Sporting estates on the hunt for diversification should consider renewable energy


Mark Stewart

Mark Stewart

Corporate Finance Partner


Sporting estates face ongoing uncertainty over their future, with access legislation, land reform legislation and issues such as gun and fox control adding to landowners’ concerns.

The impact of this year’s unusual weather has only underlined these challenges. The start of the 2018 salmon fishing season was the worst on record, while many estates had to curtail or cancel grouse shoots on the traditional Glorious 12th season opening day, with grouse populations badly affected by the harsh winter and dry summer.

These events highlight how important it is for sporting estates to diversify their revenue streams. Renewable energy projects offer profitable opportunities for diversification, whether estates choose to invest in their own projects or to lease land to a third party.

Depending on location, topography and the size of the available land, technologies such as hydro, biomass and solar are popular choices for sporting estates and present opportunities to create sustainable income opportunities where any visual impact on the surrounding landscape can be kept to a minimum.

The wet climate and mountainous terrain of Scotland’s west coast make it ideal for hydro-electric schemes and estates that already have water sources with good flow and good access points can use hydro technology to make the best use of these natural assets.

Solar panels can be easily installed on estate buildings, particularly outbuildings and sheds, and work well on Scotland’s east coast, which generally enjoys better levels of daylight or what the industry terms solar irradiance – as the Solar Trade Association explains, solar works in Scotland because the technology needs daylight, not sunshine or high temperatures.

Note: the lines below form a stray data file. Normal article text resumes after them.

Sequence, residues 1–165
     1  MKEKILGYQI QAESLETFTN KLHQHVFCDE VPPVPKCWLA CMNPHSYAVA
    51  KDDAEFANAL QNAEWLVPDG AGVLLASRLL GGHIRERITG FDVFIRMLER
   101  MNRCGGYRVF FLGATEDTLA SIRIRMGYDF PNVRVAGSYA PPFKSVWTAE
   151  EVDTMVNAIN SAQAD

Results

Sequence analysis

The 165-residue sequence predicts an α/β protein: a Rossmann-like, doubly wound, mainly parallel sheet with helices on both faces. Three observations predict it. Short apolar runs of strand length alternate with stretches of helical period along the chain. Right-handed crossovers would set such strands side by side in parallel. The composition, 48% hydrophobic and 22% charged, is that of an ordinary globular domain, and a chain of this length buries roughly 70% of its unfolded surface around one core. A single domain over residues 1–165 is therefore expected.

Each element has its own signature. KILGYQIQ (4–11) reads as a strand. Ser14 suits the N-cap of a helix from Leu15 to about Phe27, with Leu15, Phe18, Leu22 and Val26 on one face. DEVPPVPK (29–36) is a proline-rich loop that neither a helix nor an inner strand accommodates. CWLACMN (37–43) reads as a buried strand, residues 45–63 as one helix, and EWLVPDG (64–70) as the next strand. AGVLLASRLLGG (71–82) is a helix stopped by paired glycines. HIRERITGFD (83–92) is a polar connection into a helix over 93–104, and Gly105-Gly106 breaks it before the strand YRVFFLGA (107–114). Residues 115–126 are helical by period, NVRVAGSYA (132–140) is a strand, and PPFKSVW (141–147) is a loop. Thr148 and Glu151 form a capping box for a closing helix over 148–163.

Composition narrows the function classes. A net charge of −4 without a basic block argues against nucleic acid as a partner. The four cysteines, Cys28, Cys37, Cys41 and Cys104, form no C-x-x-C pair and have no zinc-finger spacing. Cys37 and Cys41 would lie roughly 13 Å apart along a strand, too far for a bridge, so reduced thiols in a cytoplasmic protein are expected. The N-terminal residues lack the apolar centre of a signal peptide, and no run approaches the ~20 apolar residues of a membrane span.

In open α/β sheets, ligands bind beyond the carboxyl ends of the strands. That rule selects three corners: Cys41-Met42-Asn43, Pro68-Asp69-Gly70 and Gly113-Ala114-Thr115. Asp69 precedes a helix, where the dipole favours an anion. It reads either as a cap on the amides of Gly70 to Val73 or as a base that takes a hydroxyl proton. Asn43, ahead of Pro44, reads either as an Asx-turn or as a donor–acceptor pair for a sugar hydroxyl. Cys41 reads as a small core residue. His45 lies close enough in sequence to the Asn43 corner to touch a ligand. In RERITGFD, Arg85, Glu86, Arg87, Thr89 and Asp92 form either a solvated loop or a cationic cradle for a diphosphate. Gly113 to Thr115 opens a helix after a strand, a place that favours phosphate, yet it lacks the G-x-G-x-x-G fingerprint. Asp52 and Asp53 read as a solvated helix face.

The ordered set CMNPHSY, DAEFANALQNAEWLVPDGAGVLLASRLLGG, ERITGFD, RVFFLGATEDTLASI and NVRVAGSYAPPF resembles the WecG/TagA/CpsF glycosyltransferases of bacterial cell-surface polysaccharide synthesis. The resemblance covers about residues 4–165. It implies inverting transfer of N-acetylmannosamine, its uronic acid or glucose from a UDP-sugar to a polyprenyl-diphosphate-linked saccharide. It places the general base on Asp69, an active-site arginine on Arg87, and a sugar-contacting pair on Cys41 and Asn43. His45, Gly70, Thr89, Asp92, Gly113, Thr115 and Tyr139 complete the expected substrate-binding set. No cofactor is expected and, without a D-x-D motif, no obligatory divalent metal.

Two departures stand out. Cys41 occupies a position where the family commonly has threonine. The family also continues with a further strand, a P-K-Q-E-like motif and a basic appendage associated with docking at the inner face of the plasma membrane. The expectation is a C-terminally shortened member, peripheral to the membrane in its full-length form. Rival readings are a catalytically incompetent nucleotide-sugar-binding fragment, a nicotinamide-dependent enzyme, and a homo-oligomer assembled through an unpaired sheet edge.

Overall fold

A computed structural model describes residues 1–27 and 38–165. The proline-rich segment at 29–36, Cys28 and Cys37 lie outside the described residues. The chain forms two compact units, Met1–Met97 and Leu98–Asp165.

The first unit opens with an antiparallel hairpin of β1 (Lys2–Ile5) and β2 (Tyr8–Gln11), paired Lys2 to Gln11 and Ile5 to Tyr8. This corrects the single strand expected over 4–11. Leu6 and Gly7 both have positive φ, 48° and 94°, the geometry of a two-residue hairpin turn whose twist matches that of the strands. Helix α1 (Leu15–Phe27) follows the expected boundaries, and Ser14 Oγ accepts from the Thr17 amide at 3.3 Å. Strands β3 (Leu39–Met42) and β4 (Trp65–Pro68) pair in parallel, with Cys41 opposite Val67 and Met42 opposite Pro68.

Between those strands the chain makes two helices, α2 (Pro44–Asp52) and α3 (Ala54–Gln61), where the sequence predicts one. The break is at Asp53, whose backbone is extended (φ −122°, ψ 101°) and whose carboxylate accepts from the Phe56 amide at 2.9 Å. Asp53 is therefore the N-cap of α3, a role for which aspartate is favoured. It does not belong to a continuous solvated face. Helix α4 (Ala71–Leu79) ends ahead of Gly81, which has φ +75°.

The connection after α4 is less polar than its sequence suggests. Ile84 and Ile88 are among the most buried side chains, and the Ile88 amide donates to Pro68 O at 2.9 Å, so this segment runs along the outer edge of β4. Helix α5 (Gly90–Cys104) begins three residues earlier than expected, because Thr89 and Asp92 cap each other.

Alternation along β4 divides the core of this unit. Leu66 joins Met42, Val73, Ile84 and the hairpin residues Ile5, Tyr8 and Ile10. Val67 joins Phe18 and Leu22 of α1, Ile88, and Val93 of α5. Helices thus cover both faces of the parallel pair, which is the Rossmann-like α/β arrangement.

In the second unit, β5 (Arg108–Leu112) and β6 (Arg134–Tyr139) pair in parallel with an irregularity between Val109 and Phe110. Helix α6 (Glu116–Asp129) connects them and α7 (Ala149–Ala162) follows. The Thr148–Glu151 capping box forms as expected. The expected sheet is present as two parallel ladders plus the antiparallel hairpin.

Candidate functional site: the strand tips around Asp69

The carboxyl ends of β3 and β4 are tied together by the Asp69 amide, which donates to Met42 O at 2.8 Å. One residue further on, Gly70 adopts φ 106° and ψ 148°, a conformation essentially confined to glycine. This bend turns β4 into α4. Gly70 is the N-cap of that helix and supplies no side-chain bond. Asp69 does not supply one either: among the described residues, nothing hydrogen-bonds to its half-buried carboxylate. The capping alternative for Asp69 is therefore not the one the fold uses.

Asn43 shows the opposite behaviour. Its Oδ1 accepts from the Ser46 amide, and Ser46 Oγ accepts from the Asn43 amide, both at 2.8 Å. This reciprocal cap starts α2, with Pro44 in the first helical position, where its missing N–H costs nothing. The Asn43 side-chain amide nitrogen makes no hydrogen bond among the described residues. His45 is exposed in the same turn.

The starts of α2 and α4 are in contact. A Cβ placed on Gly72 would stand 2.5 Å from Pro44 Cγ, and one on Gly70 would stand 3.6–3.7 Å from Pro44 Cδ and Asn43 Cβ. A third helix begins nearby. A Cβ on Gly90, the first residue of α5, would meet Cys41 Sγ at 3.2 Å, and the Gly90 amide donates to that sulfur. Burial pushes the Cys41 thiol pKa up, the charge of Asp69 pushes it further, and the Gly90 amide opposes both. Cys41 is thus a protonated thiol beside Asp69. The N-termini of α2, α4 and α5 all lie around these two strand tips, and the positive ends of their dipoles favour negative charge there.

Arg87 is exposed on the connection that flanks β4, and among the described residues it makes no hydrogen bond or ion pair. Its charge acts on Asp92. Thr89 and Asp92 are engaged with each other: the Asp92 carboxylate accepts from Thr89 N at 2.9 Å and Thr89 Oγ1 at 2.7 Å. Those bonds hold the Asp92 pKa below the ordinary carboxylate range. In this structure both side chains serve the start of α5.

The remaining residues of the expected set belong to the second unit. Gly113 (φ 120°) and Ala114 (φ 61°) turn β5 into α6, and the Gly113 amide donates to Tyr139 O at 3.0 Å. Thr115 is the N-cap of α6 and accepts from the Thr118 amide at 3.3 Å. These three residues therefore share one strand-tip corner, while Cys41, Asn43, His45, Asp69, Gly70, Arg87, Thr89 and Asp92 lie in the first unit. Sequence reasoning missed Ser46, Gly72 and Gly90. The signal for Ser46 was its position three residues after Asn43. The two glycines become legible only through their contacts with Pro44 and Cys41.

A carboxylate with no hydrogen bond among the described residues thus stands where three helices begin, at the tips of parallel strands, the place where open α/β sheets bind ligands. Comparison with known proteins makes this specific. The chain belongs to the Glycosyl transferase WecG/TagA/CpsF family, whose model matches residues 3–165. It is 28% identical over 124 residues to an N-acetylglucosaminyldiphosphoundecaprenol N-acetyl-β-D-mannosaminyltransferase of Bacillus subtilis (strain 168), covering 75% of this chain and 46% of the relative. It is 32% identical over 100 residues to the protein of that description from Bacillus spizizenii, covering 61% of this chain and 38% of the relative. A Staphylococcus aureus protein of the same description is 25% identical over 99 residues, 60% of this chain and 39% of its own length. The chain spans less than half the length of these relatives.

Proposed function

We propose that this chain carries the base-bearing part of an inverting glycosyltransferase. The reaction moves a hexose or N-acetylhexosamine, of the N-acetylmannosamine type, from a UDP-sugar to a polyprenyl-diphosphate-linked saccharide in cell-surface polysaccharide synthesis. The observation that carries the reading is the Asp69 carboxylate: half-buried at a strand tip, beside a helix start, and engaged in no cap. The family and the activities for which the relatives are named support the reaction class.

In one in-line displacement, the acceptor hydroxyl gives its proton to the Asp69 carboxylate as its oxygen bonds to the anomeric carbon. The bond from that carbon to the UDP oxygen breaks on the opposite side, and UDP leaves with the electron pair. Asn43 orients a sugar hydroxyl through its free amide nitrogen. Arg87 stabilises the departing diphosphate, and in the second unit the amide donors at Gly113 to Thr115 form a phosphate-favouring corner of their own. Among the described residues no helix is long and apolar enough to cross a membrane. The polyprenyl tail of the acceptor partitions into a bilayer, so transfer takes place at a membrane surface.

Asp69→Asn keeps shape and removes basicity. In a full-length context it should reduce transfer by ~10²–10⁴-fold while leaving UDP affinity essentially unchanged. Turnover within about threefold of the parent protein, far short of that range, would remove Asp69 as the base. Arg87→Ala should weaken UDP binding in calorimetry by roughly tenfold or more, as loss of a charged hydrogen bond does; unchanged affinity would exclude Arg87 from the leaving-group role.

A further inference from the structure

Landed estates and farms with large forest areas are likely to opt for biomass schemes, where forest waste can be used to create biomass chips which are then burnt for fuel, making effective use of an otherwise low-value product.

As well as location and geography, landowners should consider affordability, return on investment and available sources of funding when choosing what to invest in prior to a feasibility study. Return on investment is highly dependent on the type of technology installed, as well as the investment incentives and available tariffs, however many landowners have found they can make a viable income from selling electricity generated on the estate back to the grid on a subsidy free basis.

If you own a landed estate and need advice on diversification, our specialist infrastructure and renewables team together with our capital allowances team can advise on diversification projects throughout the project lifecycle, from feasibility study through to achieving financial close. Contact me, Mark Stewart, or Robert Winters from our Capital Allowances team, for an initial chat.